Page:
Red Cross Handling Wildfire Evacuees Carefully To Protect Against COVID Spread
As brush fires bear down on populated areas around the state, evacuees are facing new protocols heading to Red Cross shelters around the state.
The quick moving Aquila Fire threatening residents in the north Phoenix community of Desert Hills forced Arizona Public Services to shut off power for about 2,000 residents late Tuesday afternoon.
“The last thing we want to deal with is down power lines that are energized while we're fighting a fire,” said Captain Mark Vanacor with Phoenix Fire.
By 6 p.m., the sparsely populated community was ordered to evacuate and head north to Boulder Creek High School.
Two hours into the evacuation, there were barely any cars in the parking lot and the gym was empty, save for a few kennels to help with evacuated animals.
Linda Bonfich and Angie Finch were among the first evacuees arriving at Boulder Creek High School.
They made fast friends as Finch helped Bonfich unload from her car.
“Linda was saying that her power was off,” Finch said with concern.
“I think my house is OK,” Bonfich assure while clutching a cane. She is focused on her partner who stayed home, “It's just no air. You can't live there with no air-conditioning.”
Ken Edelblute with the local Red Cross said he suspects a number of evacuees will opt to stay home preferring to risk a brush fire over a possible evacuation crowd in a state where COVID-19 is flourishing.
If the Aquila Fire evacuation is any indicator of the risks, Finch did not see one.
“As soon as we walked into this Red Cross area, they had a person from the public health taking out temperature, asking us if we’d been by anybody with COVID, so they're on it,” she confirmed.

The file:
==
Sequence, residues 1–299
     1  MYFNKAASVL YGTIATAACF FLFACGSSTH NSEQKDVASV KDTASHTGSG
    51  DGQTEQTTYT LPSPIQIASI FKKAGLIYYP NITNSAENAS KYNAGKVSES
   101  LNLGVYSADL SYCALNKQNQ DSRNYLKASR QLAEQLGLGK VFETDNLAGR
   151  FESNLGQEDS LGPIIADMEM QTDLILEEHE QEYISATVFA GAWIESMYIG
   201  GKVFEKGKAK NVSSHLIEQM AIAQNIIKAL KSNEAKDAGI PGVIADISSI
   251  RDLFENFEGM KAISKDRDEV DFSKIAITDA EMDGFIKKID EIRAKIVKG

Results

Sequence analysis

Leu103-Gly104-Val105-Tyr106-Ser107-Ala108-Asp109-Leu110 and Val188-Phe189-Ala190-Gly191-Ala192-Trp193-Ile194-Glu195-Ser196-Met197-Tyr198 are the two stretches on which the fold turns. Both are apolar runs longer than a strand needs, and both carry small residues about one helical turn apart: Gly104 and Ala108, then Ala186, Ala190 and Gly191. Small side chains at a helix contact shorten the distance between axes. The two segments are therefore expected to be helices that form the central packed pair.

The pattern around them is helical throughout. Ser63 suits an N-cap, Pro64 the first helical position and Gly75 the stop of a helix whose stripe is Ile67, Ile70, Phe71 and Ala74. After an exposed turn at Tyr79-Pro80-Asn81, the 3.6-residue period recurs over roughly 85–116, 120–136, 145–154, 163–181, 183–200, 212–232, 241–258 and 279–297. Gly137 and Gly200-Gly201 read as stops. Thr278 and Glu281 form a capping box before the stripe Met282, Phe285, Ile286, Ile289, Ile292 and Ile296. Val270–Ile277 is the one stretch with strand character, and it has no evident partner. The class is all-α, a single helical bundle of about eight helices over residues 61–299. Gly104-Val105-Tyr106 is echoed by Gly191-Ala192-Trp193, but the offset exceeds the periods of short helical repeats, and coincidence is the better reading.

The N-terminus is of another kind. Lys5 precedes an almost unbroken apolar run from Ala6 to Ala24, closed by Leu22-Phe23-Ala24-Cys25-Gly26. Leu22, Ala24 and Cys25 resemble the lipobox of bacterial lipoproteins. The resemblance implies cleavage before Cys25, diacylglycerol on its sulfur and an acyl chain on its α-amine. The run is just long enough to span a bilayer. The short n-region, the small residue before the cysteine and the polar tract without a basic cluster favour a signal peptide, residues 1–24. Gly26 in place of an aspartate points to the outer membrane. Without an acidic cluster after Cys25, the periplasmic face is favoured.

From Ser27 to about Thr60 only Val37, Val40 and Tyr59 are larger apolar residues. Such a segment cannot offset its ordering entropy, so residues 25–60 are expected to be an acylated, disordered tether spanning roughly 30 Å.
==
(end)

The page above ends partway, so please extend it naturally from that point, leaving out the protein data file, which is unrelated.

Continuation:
Both women wore masks, and anyone who did not, was given one on approach.
“We've got some drinks and some snacks,” Edelblute offered as a young man walked toward the gymnasium doors, “Put a mask on for our safety,” he offered to get one for visitors who arrived without one.
All of the handful of volunteers wore masks greeting residents who stopped inside the lobby.
“They can hang out and cool off,” Edelblute offered for both visitors and their pets, “We have some kennels in the back. They can temporarily put their animals back in the kennels as long as they stay here.”
Few people opted to stay overnight Tuesday, and those that asked for shelter were redirected to hotels helping the Red Cross house evacuees for their own safety.
“Normal sheltering pre COVID, we would have the cots set up in the gymnasium,” Edelblute nodded while peering at the empty indoor basketball court, “Right now, we're trying to minimize exposure.”
As of 11 p.m. Tuesday night, fire crews had the blaze contained, but power remained out through Wednesday at noon between Irvine to Joy Ranch roads and 27th to 19th avenues.
Until power is restored, the Red Cross said they’ll provide shelter from the triple-digit heat.